Middleham Castle is the last attraction we’ve been to on our trip to north Yorkshire at the beginning of the month. Middleham Castle is owned and managed by English Heritage.
The nephew of William the Conqueror built a wooden castle in the 11th century, after the Norman conquest. Only the circular earthwork that surrounded the castle still survives today. In the 12th century, a stone castle will replace the wooden one. In late 13th century, the castle passed to the Neville family. It stayed in the Neville family until Anne Neville married Richard, who will become King Richard III.
Maybe the most important thing about Middleham Castle is that it was the childhood home of Richard III. Richard and George, his brother, were cared for by the Earl of Warwick at Middleham from 1460. There they meet Anne and Isabel, the ladies they will marry later in life. The Earl of Warwick was called The Kingmaker for his instrumental role in getting Edward IV on the throne. After less than 10 years later, King Edward IV was imprisoned in this castle during an uprising led by Warwick and his brother George.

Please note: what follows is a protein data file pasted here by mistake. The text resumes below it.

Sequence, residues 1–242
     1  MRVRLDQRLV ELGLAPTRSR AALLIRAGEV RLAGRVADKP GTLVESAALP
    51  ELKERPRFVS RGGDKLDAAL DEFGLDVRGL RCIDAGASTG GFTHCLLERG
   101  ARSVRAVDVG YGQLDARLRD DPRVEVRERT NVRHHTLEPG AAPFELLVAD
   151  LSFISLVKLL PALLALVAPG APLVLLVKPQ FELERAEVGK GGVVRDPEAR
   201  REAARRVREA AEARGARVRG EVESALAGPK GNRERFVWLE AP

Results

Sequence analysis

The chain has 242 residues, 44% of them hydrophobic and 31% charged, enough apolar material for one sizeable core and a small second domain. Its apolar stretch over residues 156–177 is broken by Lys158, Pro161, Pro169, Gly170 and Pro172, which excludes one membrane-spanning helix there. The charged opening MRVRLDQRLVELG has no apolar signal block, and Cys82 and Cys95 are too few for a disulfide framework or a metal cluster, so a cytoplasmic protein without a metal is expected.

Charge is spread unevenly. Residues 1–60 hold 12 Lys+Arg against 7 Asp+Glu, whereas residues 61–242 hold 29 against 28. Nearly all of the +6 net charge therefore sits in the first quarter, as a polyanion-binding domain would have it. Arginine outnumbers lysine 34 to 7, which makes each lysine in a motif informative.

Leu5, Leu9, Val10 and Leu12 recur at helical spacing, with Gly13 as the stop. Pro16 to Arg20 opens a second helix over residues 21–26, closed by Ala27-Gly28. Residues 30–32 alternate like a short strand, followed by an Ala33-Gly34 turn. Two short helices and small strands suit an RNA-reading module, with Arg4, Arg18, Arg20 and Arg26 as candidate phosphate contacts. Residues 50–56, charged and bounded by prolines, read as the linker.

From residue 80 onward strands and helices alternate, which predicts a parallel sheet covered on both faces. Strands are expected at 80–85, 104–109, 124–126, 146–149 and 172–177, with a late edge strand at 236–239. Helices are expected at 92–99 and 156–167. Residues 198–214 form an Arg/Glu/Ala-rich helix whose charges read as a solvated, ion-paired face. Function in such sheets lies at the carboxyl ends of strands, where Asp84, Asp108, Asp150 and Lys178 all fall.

Warwick would die in 1471 in the Battle of Barnet, after his death Richard will marry Anne and he will acquire the castle through marriage. Richard was Protector of the Realm after King Edward IV’s death in 1483. He would usurp the throne from his 12 years old nephew, Edward V. Edward V and his brother will be known as The Princes in the Tower, after they disappeared. To this day is unknown what happened to them. Richard III’s son, Edward, will be born and die at Middleham, aged one, a year later.
After Richard’s death in battle, in 1485, the castle was property of King Henry VII. It fell into disrepair.